If you missed Part 1 on why this quick guide matters, check it out now.
In Chrome, if you open up your Developer Tools and click on the Sources tab, you'll likely see a collection of files. If you're running common tools such as Facebook Pixel or Google Analytics that require a feed of data produced from your users, you should see the files they use to process data and send to their respective APIs here.
When data is generated via the server, on the other hand, there is no indication that anything is loading on the page at all—because it isn't! The events are produced by back-end services that power your website, like a Customer Data Infrastructure (CDI).
Common examples of events that can be generated here are log-in events, product purchases, and form submissions. Typically, they’re recorded in a database somewhere for you to access at a later date. But you can also choose to forward them along to your vendors' APIs (so long as they accept server-side events).
Server-side information relies on events produced by the services behind your website—and server-side integrations let you take back control of your customers’ data and use it to gain the insight needed to grow your business and retain your customers, without allowing third parties to accidentally or maliciously misuse it.
“Server-Side” Doesn’t Always Mean the Same Thing
Many CDIs or CDPs that offer server-side integrations have to run them in conjunction with client-side integrations. Yes, data is integrated server-side, but all the client-side insecurities and inefficiencies are also in play. A huge limiting factor is that not all vendors support APIs to process this type of data. Google, for example, generally doesn’t accept data produced server-side. They are developing a new solution for server-side eventing, but so far, the plan is to require Google's client-side tag to run.
It’s important to note that information is still being shared whenever a client-side tag is present.
So is it possible to restrict all access to your data, from any third party? The only option is a full data-routing architecture on your own private cloud that restricts all access to data processing, even for the company that created the architecture. Essentially, you must own your own data router.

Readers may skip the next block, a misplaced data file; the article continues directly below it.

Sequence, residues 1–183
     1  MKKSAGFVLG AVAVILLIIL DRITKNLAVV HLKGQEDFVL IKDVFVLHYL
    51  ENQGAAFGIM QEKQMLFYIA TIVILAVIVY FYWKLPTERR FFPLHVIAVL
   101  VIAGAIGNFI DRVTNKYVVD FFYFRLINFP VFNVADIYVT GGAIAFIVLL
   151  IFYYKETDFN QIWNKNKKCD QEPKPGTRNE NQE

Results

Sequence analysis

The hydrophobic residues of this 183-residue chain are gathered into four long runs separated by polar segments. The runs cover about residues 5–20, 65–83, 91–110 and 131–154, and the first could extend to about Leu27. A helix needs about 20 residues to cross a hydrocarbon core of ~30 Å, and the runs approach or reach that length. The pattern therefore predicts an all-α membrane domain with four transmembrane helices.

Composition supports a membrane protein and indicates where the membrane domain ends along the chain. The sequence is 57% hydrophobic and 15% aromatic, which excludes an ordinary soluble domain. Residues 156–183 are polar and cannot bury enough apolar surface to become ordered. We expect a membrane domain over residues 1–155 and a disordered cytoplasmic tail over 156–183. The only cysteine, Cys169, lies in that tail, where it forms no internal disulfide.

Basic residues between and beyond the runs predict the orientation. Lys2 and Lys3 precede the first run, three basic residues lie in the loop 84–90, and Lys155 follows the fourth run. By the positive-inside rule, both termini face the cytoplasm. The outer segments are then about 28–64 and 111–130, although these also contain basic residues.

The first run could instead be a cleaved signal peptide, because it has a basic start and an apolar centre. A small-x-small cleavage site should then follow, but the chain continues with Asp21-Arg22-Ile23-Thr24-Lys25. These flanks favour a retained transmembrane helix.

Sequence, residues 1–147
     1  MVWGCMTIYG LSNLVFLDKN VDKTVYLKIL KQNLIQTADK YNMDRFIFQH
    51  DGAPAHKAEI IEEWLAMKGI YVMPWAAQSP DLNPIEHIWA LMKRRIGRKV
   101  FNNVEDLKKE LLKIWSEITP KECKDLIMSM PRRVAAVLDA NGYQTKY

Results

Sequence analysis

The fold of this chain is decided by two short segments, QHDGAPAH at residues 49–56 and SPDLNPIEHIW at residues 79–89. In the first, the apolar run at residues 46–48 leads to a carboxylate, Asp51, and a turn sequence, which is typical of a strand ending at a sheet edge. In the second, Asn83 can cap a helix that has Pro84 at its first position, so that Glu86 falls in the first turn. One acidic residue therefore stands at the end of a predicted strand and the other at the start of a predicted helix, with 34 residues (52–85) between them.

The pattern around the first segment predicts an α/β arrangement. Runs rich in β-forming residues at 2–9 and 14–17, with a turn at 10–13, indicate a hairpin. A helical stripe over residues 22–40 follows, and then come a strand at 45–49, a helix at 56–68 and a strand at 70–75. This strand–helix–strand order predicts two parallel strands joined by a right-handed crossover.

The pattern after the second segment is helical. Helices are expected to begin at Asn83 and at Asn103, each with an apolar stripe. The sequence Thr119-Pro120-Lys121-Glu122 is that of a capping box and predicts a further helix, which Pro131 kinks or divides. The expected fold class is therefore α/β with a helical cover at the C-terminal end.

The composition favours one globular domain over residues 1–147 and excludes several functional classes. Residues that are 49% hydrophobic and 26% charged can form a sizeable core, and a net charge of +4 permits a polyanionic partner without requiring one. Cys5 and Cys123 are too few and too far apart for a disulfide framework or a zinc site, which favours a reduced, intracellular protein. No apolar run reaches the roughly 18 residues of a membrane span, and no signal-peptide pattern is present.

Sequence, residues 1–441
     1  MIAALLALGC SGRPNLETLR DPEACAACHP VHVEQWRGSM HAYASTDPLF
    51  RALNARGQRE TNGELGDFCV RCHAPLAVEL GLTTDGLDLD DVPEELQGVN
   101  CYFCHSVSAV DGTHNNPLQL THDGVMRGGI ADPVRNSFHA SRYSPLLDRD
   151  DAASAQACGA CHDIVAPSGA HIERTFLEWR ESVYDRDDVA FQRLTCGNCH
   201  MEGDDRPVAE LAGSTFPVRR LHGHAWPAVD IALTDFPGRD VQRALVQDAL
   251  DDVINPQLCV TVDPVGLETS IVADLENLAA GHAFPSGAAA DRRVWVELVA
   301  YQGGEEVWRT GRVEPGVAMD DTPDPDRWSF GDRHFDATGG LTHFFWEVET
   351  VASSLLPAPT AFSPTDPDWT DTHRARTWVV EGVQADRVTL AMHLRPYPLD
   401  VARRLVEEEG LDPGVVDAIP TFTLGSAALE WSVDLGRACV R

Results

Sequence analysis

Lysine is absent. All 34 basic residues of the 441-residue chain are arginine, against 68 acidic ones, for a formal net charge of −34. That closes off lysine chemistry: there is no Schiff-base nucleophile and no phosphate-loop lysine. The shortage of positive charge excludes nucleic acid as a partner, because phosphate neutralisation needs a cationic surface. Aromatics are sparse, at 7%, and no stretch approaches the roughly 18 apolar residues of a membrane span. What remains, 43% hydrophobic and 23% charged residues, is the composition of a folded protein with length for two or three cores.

Bonus Benefits of Server-Side Data Integration
Keeping data compliant from ingestion and maintaining data governance are obvious benefits of server-side integrations. What’s not so obvious is how performance is enhanced when events are no longer subject to inconsistent browser settings, extensions, and general network risks.
Since server-side events do not require any browser resources, the browser activity triggered by each customer on your website is materially lower. This makes your website faster and more performant—to a degree directly correlated with the amount of data processed by each client-side tag you move to server-side.
Additionally, directly calling one event and sending to each vendor greatly reduces duplicate and inaccurate data.
Of course, integrating with a new tool is also easy with a ready-to-use yet fully customizable data architecture.
When it comes to respecting your users, server-side integrations make it not only possible, but also easy. The time has come for organizations to invest in their customers by providing them the experience they expect while protecting their information from accidental—or intentional—re-use.
Interested in respecting your users through server-side integration? MetaRouter provides the first server-side-focused Customer Data Infrastructure. When deployed on your private cloud, not even MetaRouter has access (though we have several alternative deployment options as well). Reach out anytime.
You can also download a PDF version of this white paper to share.